Hi, I hope you’ll enjoy my presentation. I’ve traveled a long way to be here. In fact, I got in just yesterday and I’m really jet-lagged and tired, ha-ha! So, I haven’t had a lot of time to prepare, I apologize in advance. Anyway, let’s begin. I’d like to talk about… oh dang, there’s a mistake on this slide.
Maybe you haven’t heard a speaker say all of that to kick off their presentation, but maybe you’ve heard some of it. Or perhaps you’ve used one of those phrases yourself. In any case, stop right there.
The French philosopher Simone Weil said, “Attention is the rarest and purest form of generosity.” When you are presenting, people are listening to you. They are giving you the gift of their attention and time. Don’t squander that generosity with a substandard presentation by saying things that signal their attention is being wasted. Here are three common phrases never to say in a presentation.
“Sorry, I’m tired/jet-lagged/hungover…”
Tired? Jet-lagged? Hungover? Why would the audience want to know that? Are you expecting sympathy? Unfortunately, this confession is likely to bring out their enmity.
What it really says is that you’re trying to cover your ass for the inevitably shoddy presentation you’re about to deliver. You’ve essentially told them to be prepared to be disappointed and taken the gift of their attention, crumpled up the wrapping paper, and thrown it back in their faces.
We all suffer from being tired, and maybe others in the audience are also jet-lagged, so don’t expect a free pass. And admitting to being hungover–which I’ve heard some speakers say with pride–is just unprofessional. Regardless of how bad you feel, it’s simple: Don’t use your physical condition as an excuse for wasting people’s time.
However, if you really do feel that unwell, politely cancel the presentation. At least this way you can give the audience some free time, rather than waste it.
“Sorry, I didn’t have time to prepare…”
Saying this does two things: It lowers your audience’s expectations and shows them a lack of respect. There’s always time–unless you’ve just been ordered onto the stage at gunpoint–to prepare for your presentation. Even in the unlikely case that you were told an hour ago, you can still do some preparation.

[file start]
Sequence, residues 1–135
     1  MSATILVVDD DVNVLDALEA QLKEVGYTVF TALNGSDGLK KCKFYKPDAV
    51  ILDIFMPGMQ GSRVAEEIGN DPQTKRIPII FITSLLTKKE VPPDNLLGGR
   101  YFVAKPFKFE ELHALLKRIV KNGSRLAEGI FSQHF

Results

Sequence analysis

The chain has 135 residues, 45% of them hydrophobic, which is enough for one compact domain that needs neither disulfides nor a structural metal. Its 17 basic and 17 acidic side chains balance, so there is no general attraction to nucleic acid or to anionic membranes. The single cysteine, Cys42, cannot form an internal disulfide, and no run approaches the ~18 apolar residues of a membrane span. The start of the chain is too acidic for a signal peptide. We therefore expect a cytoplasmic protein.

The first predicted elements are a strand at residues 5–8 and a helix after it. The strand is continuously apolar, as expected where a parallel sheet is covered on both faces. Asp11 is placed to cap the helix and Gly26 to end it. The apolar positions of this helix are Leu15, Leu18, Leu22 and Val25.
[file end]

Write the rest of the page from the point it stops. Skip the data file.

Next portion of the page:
If you do have insufficient time to prepare, be smart about what time you use. Focus on the presentation’s opener and closing, the first and last things that you’ll talk about. These are the parts that make or break your presentation.
First tip for a strong opening? Make sure you don’t say any of the three phrases mentioned here. And forget about these other presentation killers.
Beyond that, rehearse what you’ll say to grab the audience’s attention. Look through the slides for some surprising or provocative statement to engage them right off the bat. Think about starting with a story.
Then come up with a way to recap your main points or issue a call to action to end the presentation. Be sure to add your own take on the content that’s not on the slides. Tell the audience what you want them to do, think, or feel about what you just presented.
With little prep time spent focusing on how to hook your audience at the beginning, and to end on a high note, listeners are more likely to forgive a mediocre middle.
“Oops, there’s a mistake on this slide…”
First, avoid putting yourself in this situation at all costs. It may sound obvious, but go through your presentation to check for errors, especially things that spellcheck might not catch. Then check everything again. Get a colleague or two to put a fresh set of eyes on your slides. It’s amazing how many people don’t do this simple exercise.
Don’t forget to rehearse your presentation out loud to catch additional errors–even if you only have five minutes and are under duress (see the second point above).
If, despite your diligence, you notice errors during your presentation, don’t mention it. Unless it’s a glaring, major error that will mislead your audience, don’t draw attention to it.
It may be a mistake that only you would know about, like forgetting to include some content. Nobody else will know, so don’t acknowledge it.
If you don’t mention a small error, less than 100% of the audience will have noticed it. Mention it, and 100% of the audience will have noticed it. Which would you prefer? That each and every member of your audience notices your error, or that only a few are clued in?
If something slipped through that could mislead, point it out without using the words “error” or “mistake” as those can make you sound less credible. Apologize, state what it should say, and tell them you’ll get them a corrected copy later. Take ownership and move on.
Whether it’s a major error or a minor one, don’t let it sap your presentation’s energy or momentum. Ignore it, apologize if necessary, and move on.
These phrases pop up frequently in public speaking, and using any of them shows a lack of respect for your audience. Stop making excuses, because they aren’t going to get you off the hook for a lack of preparation. Make the audience–and the gift of their attention–the star focus, give them value for their time, and your presentation will succeed.
This article was originally published on Fast Company.